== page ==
Skin Cancer is One of the Most Common Forms of Cancer, But It’s Easily Prevented
The Canadian Cancer Society estimates that approximately 75,000 Canadians were diagnosed with skin cancer last year, and an estimated 270 people died from the disease. Non-melanoma skin cancers are the most common types of cancer diagnosed – and one of the easiest to prevent.
The two most common types of skin cancer are non-melanoma skin cancers: squamous cell cancer and basal cell cancer. While there’s no one cause of these types of cancer, the Canadian Cancer Society says exposure to sunlight and having fair skin are the most common risk factors. Similarly, people who work, play or exercise in the sun for long periods of time are at greater risk of developing skin cancer.
That mole looks funny…
The first sign of skin cancer is a change to your skin. The problem is that it can occur anywhere on the body (although it usually starts in areas that are exposed to the sun like the head, face, neck, hands, arms and legs) and not all skin cancers look the same.
Basal cell cancers often look like a bump or a little crater with a shiny or pearly surface, while squamous cell cancers are usually reddish and scaly. How can you tell if that funny looking mole, bump or open sore is skin cancer? Try looking for these symptoms:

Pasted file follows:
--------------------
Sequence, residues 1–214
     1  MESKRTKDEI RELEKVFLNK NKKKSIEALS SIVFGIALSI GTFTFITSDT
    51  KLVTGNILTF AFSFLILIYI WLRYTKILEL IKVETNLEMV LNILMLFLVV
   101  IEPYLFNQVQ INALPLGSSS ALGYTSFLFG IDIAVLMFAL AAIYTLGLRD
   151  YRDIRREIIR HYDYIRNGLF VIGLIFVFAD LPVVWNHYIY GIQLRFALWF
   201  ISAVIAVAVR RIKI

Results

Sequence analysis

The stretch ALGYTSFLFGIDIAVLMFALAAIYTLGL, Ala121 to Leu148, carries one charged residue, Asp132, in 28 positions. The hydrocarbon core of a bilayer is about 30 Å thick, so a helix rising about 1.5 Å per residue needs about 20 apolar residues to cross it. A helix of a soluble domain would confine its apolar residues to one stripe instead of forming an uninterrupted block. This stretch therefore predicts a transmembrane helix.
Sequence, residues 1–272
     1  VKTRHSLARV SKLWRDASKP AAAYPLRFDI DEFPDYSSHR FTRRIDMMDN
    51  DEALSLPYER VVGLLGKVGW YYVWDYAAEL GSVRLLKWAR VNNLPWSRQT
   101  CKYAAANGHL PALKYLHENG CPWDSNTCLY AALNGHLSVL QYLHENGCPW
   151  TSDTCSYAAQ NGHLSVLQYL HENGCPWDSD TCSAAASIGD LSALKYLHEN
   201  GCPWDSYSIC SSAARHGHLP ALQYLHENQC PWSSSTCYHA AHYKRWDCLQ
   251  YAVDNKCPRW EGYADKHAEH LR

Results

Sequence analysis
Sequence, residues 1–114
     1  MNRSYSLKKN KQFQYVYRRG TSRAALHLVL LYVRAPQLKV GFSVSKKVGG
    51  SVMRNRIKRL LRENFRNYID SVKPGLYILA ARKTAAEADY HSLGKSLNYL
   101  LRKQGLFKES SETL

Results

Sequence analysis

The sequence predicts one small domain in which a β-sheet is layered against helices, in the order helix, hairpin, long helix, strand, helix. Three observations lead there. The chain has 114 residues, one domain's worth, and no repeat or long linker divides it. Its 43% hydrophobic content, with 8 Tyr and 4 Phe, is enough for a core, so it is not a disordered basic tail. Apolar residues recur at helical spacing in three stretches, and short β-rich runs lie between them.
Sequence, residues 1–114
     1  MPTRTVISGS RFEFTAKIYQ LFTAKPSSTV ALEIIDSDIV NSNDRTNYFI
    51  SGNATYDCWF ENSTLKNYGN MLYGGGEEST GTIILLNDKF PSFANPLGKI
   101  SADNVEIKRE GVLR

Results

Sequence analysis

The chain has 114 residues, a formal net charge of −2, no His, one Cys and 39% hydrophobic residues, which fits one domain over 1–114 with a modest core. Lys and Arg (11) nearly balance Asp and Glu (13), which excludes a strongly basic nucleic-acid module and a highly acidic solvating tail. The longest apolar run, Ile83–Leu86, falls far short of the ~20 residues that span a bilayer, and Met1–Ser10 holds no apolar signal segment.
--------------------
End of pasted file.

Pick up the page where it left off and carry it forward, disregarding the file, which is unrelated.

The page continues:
-A smooth, shiny, pale or waxy bump or crater
-A raised, solid red bump
-A sore that does not heal
-A sore or bump that bleeds or develops a crust or a scab
-Pink, red or brown patches that are rough and scaly and may become itchy or tender
-A change in the skin that starts at the site of a burn, injury or scar
-A change in the skin that looks yellow-white when stretched
-A scar-like change in the skin that may be white or yellow
Also, watch any moles on the skin that become asymmetrical or change colour. If you suspect a spot might be skin cancer, be sure to see your doctor as soon as possible.
Get sun smart
Want to protect your skin and prevent skin cancer? Try these tips:
Watch the clock: Plan your outdoor activities before 11 a.m. or after 4 p.m. when the sun is not at its strongest, or any time of the day when the UV Index is three or less.
Cover up: Choose clothing that is loose fitting, tightly woven and lightweight.
Cap it off: Most skin cancers happen on the face and neck. Wear a hat with a wide brim that covers your head, face, ears and neck, and remember, hats like baseball caps won’t give you enough protection.
You gotta wear shades: Sunglasses can help prevent damage to your eyes by blocking a large amount of UV rays. Choose sunglasses with even shading, medium to dark lenses and UVA and UVB protection.
Slather it on: Use a sunscreen of sun protection factor (SPF) 15 or higher, and if you work outdoors or are planning to be outside most of the day, use an SPF 30. Also, look for “broad spectrum” on the label. This means that the sunscreen offers protection against both UVA and UVB ultraviolet rays.